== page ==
International Franchise Association officials voiced their disappointment Tuesday after the U.S. Senate failed to pass a resolution seeking to overturn the National Labor Relations Board’s rule to abbreviate the time frame allowed for union elections.
But despite the loss in the Senate, opponents of the rule say the battle over “ambush” elections now will shift to the courts.
Senators rejected a joint resolution, S.J. Res. 36, by a bipartisan vote of 54 to 45 that would have nullified a regulation passed late last year by the NLRB. The resolution was sponsored by Mike Enzi, R-Wyo.
The new rule, which is scheduled to take effect at the end of this month, will speed up union elections from an average of 38 days after a petition to unionize is filed to as little as 10 days. Opponents say the agency overstepped its authority by passing the rule.
“We see the vote today as disappointing,” said Jay Perron, vice president of government relations and public policy of the International Franchise Association. “But we knew it was going to be a tough vote to get passed.”
President Barack Obama’s last minute threat to veto any legislation attempting to override the rule also had a dampening effect on the vote, observers said.
“It became very political,” said Angelo Amador, vice president of labor and workforce policy for the National Restaurant Association.
Rob Green, executive director for the National Council of Chain Restaurants, said if the resolution had been passed “it would have sent a strong signal to the NLRB that they have been overreaching. But the education process continues and we’ve talked with a large number of lawmakers about NLRB’s ongoing activities.”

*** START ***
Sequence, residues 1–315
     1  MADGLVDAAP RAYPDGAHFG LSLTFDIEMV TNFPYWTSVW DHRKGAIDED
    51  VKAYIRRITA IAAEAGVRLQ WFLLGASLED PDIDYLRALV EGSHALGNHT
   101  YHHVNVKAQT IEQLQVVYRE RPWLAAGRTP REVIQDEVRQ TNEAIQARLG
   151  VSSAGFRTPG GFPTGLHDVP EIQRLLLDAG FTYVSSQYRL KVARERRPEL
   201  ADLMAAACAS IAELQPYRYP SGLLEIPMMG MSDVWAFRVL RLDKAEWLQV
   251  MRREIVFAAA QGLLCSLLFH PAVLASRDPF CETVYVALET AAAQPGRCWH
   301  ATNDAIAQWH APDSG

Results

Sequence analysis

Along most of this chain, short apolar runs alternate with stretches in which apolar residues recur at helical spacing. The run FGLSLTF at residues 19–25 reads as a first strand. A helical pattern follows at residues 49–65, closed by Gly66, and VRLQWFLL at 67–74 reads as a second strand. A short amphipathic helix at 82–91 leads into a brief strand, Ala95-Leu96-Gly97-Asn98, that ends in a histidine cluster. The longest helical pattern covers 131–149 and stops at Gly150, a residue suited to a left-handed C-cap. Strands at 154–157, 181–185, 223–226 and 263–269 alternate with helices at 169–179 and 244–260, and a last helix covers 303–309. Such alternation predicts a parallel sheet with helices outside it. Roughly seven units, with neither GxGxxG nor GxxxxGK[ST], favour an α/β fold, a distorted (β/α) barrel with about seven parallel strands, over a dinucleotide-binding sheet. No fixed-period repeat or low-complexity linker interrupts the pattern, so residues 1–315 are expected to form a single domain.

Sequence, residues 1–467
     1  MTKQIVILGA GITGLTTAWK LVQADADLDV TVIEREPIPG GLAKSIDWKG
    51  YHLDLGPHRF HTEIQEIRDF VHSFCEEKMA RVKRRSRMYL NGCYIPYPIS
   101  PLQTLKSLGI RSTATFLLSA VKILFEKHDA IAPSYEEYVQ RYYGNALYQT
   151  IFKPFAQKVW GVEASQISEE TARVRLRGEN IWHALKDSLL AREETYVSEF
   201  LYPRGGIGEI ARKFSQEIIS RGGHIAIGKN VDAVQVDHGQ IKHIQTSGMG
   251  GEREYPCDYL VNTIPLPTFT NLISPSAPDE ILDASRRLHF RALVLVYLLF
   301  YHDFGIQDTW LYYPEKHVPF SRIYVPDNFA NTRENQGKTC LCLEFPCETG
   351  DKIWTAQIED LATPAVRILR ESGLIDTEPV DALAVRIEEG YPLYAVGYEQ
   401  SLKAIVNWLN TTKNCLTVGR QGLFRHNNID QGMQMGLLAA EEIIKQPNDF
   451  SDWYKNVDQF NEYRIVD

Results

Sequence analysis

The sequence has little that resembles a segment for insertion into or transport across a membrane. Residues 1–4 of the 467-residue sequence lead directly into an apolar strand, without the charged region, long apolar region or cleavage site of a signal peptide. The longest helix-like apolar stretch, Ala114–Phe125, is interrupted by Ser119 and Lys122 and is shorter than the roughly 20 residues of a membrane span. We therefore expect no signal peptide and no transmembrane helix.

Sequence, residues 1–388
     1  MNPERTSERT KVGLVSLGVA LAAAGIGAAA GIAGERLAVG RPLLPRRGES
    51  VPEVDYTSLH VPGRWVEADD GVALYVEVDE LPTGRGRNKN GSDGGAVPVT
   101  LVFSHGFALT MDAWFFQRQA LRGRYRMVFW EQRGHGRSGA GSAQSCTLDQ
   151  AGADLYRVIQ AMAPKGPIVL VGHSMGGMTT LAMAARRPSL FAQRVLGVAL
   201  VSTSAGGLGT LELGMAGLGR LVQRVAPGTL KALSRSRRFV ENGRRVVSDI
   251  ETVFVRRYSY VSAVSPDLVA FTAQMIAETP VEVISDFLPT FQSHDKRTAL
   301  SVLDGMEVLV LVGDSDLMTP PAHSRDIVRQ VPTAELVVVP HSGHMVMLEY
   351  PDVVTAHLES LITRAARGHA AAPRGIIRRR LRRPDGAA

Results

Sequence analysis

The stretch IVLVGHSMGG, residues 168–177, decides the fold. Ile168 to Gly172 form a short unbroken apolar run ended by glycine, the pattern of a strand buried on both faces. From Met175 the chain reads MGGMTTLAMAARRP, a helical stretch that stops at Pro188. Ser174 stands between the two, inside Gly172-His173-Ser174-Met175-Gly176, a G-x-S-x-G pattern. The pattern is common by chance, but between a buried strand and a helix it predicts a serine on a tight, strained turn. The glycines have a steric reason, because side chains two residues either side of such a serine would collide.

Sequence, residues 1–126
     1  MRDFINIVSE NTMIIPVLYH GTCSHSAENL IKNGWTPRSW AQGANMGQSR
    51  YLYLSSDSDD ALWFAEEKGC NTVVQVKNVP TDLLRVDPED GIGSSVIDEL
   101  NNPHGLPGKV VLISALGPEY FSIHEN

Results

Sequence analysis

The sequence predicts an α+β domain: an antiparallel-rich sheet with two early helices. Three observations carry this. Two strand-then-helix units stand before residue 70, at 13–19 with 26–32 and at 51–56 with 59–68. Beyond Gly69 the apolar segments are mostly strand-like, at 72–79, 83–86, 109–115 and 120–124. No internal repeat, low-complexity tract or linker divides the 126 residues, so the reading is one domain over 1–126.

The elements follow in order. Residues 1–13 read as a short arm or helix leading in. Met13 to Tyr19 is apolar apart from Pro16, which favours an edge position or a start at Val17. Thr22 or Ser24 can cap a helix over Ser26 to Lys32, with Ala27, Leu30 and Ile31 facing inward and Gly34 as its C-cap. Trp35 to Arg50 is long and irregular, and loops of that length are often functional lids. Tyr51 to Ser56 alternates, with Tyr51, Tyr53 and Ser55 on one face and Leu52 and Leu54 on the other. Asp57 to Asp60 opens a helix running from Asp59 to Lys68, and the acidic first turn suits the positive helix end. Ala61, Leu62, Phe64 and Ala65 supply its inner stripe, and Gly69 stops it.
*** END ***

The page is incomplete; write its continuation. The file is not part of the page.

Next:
Proponents of the agency’s rule change maintain that it would streamline the election process by reducing delays in union elections. NLRB chairman Mark Pearce had said earlier that the current rule “is laden with unnecessary delays. It seeks to avoid multiple and unnecessary appeals in union elections, and does away with unnecessary waiting periods.”
Organizations like the IFA, National Council of Chain Restaurants and the National Restaurant Association have been urging their members to contact their Senators and ask them to oppose the NLRB rule. The NRA, in fact, made it one of its four priority issues last week when restaurant operators and executives gathered in Washington for the association’s Public Affairs Conference, when industry members visit Capitol Hill to lobby their lawmakers.
Late last year the U.S. House of Representatives passed The Workforce Democracy and Fairness Act, or H.R. 3094, by a vote of 234 to 188 that would override the NLRB’s ruling. With the recent Senate vote, though, that measure is “dead on arrival,” Perron said.
However, Green said, “the next fight is going to be in the courts. The litigation is ongoing.”
For example, earlier in April a federal judge in South Carolina ruled against the NLRB’s regulation that would have required companies to hang posters notifying employees of their right to unionize. Other litigation is addressing the right to form micro-unions, which theoretically could contain as few as two employees.
But while the associations see the Senate vote today as being a defeat, they maintain that some progress has been made. “We have talked to a large number of lawmakers about the NLRB’s ongoing activities,” Green said. “So we will just continue to tell our story. The education process continues.”
Contact Paul Frumkin at [email protected].